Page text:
Strategy: Circulation Planning
Circulation planning is not what it used to be for a variety of reasons. The Internet is having the largest impact on circ planning, but there are other factors that make circ planning more complicated and challenging. Today, more is left to interpretation than ever before.
This month, I’ll explore what’s new and changing in circ planning, concentrating on five major areas of change: source code tracing, sources of sales, cooperative databases, contact strategy and prospect universe limitations.
Source Code Tracing
The most significant change has to do with our ability, or lack thereof, to trace orders and sales to a specific key code. There’s a huge portion of non-traceable orders and sales today. Prior to the Internet, catalogers could trace 80 percent to a specific key code with a 20 percent unknown factor. Sounds pretty good, doesn’t it?
Today, however, catalogers are lucky to trace 40 percent to a specific key code; they have no idea where to credit the remaining 60 percent. The same 20 percent unknown factor remains, with another 40 percent of unknown orders and sales resulting from the Internet. That’s why matchbacks are a way of life today, and standard procedure for most catalog companies.
But, they’re not perfect. Therefore, tracing to a specific key code today is somewhat suspect and probably not quite as accurate. It takes longer and it’s more complicated to know for certain what key code to give credit for the sale. Matchbacks tend to favor the last or most recent mailings by giving credit to those housefile codes.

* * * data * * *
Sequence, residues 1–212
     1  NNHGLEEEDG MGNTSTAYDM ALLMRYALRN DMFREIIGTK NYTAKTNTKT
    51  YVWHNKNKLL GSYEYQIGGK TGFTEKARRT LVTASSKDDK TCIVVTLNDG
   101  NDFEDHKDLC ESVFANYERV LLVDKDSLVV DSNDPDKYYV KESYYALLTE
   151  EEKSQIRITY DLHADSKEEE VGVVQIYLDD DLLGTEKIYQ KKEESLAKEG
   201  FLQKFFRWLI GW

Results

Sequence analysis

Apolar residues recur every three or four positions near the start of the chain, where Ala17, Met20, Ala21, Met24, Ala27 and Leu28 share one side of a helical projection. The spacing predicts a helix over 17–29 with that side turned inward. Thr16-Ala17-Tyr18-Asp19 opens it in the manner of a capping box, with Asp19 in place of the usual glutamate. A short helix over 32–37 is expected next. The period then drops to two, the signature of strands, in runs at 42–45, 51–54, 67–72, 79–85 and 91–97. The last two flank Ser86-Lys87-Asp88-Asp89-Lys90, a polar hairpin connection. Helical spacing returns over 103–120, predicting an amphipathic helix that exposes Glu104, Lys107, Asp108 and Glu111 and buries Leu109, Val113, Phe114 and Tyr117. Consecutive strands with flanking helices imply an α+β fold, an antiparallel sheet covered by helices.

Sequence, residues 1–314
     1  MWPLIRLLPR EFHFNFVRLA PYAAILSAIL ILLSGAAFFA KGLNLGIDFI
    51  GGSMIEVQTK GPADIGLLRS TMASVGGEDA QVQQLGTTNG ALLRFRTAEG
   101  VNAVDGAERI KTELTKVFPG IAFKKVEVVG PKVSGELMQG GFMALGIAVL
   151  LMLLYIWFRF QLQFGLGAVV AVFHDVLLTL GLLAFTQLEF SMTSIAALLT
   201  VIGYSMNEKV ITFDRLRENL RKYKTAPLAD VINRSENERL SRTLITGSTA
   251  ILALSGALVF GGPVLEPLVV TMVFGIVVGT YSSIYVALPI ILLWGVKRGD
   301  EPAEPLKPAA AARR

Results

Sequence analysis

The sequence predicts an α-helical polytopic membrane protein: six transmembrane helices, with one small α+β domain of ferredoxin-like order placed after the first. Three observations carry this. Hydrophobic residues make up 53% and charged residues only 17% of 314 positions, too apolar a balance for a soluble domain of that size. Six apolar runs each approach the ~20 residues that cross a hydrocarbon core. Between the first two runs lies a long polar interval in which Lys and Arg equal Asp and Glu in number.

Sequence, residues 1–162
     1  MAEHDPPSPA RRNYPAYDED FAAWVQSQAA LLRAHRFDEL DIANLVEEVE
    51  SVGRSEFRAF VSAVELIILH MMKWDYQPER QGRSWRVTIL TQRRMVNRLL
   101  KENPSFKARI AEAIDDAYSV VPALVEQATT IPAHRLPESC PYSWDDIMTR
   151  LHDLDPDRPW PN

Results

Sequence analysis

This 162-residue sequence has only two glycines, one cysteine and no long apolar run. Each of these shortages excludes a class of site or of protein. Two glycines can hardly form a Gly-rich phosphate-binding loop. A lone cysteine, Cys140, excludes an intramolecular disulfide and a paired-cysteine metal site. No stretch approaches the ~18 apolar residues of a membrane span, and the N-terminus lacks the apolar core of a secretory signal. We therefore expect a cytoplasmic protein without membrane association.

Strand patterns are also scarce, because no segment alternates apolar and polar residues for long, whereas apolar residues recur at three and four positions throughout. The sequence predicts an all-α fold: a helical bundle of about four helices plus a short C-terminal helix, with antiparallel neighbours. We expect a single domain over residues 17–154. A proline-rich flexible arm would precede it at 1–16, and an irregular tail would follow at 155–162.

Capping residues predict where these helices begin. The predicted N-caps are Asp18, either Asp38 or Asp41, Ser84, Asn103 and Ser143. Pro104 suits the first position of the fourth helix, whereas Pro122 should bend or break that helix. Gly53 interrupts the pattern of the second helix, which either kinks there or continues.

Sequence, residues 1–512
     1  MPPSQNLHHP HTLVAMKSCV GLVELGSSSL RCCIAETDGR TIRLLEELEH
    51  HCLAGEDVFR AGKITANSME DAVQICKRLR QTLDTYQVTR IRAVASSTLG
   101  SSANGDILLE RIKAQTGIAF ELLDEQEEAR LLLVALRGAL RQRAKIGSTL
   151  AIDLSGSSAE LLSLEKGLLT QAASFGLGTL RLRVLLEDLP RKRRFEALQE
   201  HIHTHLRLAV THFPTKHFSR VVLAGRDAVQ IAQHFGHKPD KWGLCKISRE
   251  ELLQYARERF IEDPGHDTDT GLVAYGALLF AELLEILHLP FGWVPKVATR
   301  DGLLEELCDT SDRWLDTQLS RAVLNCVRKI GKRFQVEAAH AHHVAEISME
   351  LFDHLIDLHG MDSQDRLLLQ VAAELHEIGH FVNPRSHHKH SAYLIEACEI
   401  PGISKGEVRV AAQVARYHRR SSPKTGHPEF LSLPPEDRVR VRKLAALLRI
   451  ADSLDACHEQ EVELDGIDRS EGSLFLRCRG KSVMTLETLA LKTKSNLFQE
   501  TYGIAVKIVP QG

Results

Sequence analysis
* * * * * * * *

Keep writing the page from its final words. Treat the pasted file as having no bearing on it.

For example, a cataloger typically mails several times during the holiday gift-giving season with a last drop on or around Dec. 1. When a matchback is run for the holiday mailings, the last drop receives a disproportionate amount of the credit to specific key codes. Again, matchbacks aren’t perfect — you have to use some logic and common sense. The chart (above right) provides a good example. Before the matchback, the response per catalog (RPC) for the housefile was $1.44 per catalog mailed. After the matchback, the RPC increased 74.3 percent to $2.51 per book. Of the total dollars matched back, 72.2 percent were credited to the housefile. With this amount of lift and allocation, proper circ planning can’t be done without first doing a matchback. This adds an extra, time-consuming step to the process. You simply can’t know week-to-week results by source code until you match back the order file to the mail tapes.